I saw an article recently criticizing workplace mental health programs as nothing more than attempts to make people work harder and longer. That’s a valid criticism if a workplace or an individual is trying to use “stress relief” as an excuse to ignore the things they’re doing to cause that stress. But for me, that freedom to do more of what I love is one of the biggest benefits of recovery from a bunch of mental illness diagnoses. I was reminded of this freedom recently one Sunday morning.

I was flying out to facilitate a workshop in the afternoon but before I did that, I saw friends for coffee, then went to the gym because the workout of the day included rope climbs (I’ve been working on getting better at them), then went to water my friend’s plants because he was out of town, and then I cooked lunch for myself and made extra so there’d be some food in the fridge when I got back.

In the past, when I struggled with my brain, I wouldn’t have done any of that. I wouldn’t have seen friends because I was always worried I had the departure time wrong and I’d miss it if I wasn’t at home constantly confirming it. I wouldn’t have done the workout because I was scared of heights and didn’t like to do exercises I couldn’t do well. I wouldn’t have tended a friend’s plants because I was terrified of getting blamed for something going wrong–I could leave the door unlocked, kill all of the plants, spontaneously combust and burn down his apartment. And I definitely wouldn’t have cooked food because I’d have to do more checking rituals with the stove on top of all the other pre-travel rituals and that could make me late getting to the airport. I’d need to leave absurdly early for the airport just in case!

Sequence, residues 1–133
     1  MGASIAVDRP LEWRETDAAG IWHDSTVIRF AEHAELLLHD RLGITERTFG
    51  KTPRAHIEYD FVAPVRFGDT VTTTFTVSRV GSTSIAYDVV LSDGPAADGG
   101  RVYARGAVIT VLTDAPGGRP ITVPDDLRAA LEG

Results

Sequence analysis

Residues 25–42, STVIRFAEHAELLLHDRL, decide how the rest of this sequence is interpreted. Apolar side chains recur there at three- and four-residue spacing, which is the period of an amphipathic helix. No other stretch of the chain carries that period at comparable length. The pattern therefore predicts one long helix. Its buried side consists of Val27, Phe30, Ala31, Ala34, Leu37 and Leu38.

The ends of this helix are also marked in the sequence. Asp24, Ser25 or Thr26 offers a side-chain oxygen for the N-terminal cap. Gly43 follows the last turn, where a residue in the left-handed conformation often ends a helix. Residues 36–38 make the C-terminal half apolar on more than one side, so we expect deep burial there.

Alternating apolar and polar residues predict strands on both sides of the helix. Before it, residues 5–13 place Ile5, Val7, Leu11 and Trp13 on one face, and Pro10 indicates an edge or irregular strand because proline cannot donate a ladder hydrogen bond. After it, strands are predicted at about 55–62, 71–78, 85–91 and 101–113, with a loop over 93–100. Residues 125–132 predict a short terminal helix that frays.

Dealing with mental illness is exhausting, anxiety-riddled, physically draining work. From the outside, it probably looks like not much is happening. Mental illness is only productive at producing more illness. Getting over all of those compulsions has helped free me up to do things I actually care about. I’m doing much more but it’s much less work.

That Sunday morning is a snapshot of how I define recovery. It’s about doing the things I want to do. It’s not about the presence or absence of stuff in my head. It’s about actions. Actions that help me build and create things I want to keep in my life. It’s not focused on managing illness. It’s about health.

On the other side of recovery, I hope you get to do all of the things  you want to do. And your brain can come along for that ride, doing whatever it’s doing.

Mark

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